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Citizens Advice helping one private renter every minute typically

The charity said an eviction ban is ‘papering over the cracks’.

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Citizens Advice says the forthcoming Renters’ Reform Bill is an opportunity for a fairer private rented sector (Tim Goode/PA)

Citizens Advice says the forthcoming Renters’ Reform Bill is an opportunity for a fairer private rented sector (Tim Goode/PA)

Citizens Advice says the forthcoming Renters’ Reform Bill is an opportunity for a fairer private rented sector (Tim Goode/PA)

Citizens Advice says it is helping one person every minute typically during office hours with problems relating to renting from a private landlord.

The charity’s figures cover England and Wales.

In the first two months of this year, it recorded a 40% increase in people seeking one-to-one advice on issues relating to the private rented sector compared with the same period in 2020.

A Government ban on most eviction proceedings has been in place for a year.

But Citizens Advice said private renters are still concerned by the threat of eviction.

The Government’s eviction ban helped private tenants feel more secure during the pandemic. But it’s been a case of papering over the cracksAlistair Cromwell, Citizens Advice

And it said two-thirds of tenants in a survey had experienced problems with maintenance or disrepair in the previous three months.

Citizens Advice said the forthcoming Renters’ Reform Bill is an opportunity for a fairer private rented sector.

The charity wants to see a new national housing body and register to set consistent standards, give tenants greater protection, and help responsible landlords.

Alistair Cromwell, acting chief executive of Citizens Advice, said: “The Government’s eviction ban helped private tenants feel more secure during the pandemic. But it’s been a case of papering over the cracks.”

The National Residential Landlords Association (NRLA) estimates that 840,000 private tenants across England and Wales have built rent arrears since lockdown measures started.

It said these debts are increasing to the point where there is no hope of many being able to afford to pay them back.

It said most landlords have been working with struggling tenants to help keep them in their homes as far as possible, but 60% have lost rental income as a result of the coronavirus pandemic. Of these, 39% said the losses were continuing to increase.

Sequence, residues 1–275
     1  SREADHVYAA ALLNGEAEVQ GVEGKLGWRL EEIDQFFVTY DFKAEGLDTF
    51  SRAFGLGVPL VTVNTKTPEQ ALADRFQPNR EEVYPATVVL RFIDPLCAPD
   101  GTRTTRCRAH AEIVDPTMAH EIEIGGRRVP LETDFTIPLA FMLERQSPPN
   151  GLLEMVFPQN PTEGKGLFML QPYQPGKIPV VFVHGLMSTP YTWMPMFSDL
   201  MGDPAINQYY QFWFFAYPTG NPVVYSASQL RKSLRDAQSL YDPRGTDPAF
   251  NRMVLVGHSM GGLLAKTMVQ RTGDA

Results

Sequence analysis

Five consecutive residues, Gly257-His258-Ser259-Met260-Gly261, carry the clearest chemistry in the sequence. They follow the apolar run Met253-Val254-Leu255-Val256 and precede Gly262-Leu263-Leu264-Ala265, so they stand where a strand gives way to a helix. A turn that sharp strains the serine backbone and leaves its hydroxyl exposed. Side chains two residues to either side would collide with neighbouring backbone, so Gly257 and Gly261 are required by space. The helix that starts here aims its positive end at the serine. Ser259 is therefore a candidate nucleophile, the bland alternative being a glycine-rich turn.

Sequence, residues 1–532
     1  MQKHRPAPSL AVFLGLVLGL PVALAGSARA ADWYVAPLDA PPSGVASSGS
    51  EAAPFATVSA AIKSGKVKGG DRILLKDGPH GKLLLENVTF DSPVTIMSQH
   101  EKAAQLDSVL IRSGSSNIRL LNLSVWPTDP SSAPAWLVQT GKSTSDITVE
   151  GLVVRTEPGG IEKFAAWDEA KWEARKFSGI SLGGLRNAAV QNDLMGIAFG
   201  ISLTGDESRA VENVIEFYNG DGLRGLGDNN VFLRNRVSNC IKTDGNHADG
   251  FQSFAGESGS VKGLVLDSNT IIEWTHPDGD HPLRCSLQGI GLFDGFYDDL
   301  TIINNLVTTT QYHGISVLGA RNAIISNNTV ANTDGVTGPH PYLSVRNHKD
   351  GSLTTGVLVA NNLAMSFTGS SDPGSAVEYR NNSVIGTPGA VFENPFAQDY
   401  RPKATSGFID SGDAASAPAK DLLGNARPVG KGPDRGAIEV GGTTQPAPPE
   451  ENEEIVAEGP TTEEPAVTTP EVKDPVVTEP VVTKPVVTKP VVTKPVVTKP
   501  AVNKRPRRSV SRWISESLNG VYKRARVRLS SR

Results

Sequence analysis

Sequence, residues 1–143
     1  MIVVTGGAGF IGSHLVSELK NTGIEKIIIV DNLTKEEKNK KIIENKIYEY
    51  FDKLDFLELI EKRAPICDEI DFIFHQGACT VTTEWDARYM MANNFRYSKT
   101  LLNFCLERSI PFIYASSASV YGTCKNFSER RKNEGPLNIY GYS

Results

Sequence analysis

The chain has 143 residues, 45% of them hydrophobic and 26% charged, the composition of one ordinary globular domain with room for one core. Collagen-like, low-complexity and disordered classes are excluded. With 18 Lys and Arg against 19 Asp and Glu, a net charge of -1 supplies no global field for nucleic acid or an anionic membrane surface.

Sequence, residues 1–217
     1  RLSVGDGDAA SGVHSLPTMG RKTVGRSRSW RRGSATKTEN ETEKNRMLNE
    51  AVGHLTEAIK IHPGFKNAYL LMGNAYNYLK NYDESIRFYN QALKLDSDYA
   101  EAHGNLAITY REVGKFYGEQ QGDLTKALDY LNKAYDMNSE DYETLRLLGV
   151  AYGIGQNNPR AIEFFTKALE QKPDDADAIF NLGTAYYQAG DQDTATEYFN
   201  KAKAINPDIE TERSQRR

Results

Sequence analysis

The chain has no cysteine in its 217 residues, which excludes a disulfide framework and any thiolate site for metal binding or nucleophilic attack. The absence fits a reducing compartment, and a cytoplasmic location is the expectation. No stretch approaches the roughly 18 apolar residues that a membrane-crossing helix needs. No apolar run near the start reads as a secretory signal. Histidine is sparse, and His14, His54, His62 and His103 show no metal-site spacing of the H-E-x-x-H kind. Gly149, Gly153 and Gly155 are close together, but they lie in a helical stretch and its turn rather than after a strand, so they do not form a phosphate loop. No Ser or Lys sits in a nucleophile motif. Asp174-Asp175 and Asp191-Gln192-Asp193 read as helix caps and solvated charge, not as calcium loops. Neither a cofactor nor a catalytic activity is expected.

The NRLA said the situation for landlords is being made worse by the strains that the courts are now under in hearing the relatively few cases that are being allowed to go ahead.

Ministers need to ensure the tenants have the financial means to pay off rent debts built as a result of the pandemicBen Beadle, National Residential Landlords Association

It said much better use of technology should be made in courts to ensure that legitimate repossession cases can be heard more swiftly.

Ben Beadle, chief executive of the NRLA, said: “Whilst many landlords and tenants have worked well in responding to the challenges posed by the pandemic, we are now at a crunch point.

“As the country follows the road map out of lockdown, so too emergency measures in the rental market will need to be eased.

“Ministers need to ensure the tenants have the financial means to pay off rent debts built as a result of the pandemic.

“Without this they will have to accept the inevitable consequence of rising homelessness and damaged credit scores.”

A Government spokeswoman said: “We’ve put households at the heart of our decision-making throughout the pandemic, with an unprecedented £352 billion package keeping millions in work and temporarily bolstering the welfare safety net by more than £1,000 a year for families most in need.

“Robust protections remain – with longer notice periods of six months and the banning of bailiff enforcement of evictions for all but the most serious cases until May 31 – councils can also provide support through the £180 million Discretionary Housing Scheme.”

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